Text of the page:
Spending on prisons and jails in Maryland has grown twice as fast as spending on elementary and secondary education over three decades, according to a recent report from the U.S. Department of Education.

Nationally, state and local spending increased three times as fast for prisons as for education.


The report was based on an analysis of federal data for state and local spending from 1980 to 2013.

"While Maryland thinks of itself as a state supportive of education, this important report shines a light on a disturbing trend," said Bebe Verdery, education director at the American Civil Liberties Union of Maryland.

Over those 33 years, Maryland's expenditure on education grew from $5.3 billion to $12.1 billion while spending on corrections rose from $457 million to $1.7 billion.

The number of people who were incarcerated rose from 11,152 in 1980 to 33,398 in 2013 in the state. The state's population was rising during that period, but at a far slower rate.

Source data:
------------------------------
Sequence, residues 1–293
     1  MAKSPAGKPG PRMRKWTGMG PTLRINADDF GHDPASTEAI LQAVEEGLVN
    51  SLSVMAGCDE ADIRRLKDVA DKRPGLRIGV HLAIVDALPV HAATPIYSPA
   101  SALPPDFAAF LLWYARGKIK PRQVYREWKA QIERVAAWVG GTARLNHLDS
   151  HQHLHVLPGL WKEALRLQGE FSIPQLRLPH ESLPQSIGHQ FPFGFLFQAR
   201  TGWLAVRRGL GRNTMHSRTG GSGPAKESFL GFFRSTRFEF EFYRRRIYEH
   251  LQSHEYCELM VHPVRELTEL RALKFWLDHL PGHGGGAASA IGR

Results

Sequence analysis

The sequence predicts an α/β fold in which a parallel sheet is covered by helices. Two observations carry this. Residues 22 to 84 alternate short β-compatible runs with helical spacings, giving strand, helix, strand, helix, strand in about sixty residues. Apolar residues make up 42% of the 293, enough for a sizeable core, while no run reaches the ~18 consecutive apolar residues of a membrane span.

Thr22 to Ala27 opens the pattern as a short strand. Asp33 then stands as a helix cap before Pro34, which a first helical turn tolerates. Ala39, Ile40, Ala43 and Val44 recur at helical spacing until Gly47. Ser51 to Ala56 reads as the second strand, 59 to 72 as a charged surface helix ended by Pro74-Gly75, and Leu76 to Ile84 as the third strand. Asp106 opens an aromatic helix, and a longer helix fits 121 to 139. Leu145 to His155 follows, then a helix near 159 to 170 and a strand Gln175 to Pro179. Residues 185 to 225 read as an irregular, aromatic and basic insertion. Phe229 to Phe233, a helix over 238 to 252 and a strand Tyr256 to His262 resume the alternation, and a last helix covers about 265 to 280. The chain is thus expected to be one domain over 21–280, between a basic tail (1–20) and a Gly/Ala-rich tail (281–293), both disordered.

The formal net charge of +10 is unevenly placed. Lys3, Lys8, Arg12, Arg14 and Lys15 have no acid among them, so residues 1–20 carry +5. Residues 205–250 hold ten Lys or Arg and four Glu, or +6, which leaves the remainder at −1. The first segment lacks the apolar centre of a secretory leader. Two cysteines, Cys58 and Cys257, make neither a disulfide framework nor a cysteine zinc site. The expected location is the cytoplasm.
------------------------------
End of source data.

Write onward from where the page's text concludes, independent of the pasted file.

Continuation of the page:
Nationally, growth rates for spending on corrections also outpaced appropriations for higher education, even when adjusted for population growth, according to the report. In Maryland, state spending per full-time student declined during the period from $8,946 to $7,020, while spending on prisons increased.

The U.S. Department of Education released the report at a time of debate over rates of incarceration, particularly for nonviolent offenses, and over whether criminal justice reform is needed.

The department said statistics show that two-thirds of state prison inmates have not completed high school, and that one study revealed that a black man between the ages of 20 and 24 and without a diploma has a greater chance of being incarcerated than of being employed.

Studies also show arrest rates decline when high school graduation rates increase, according to education officials.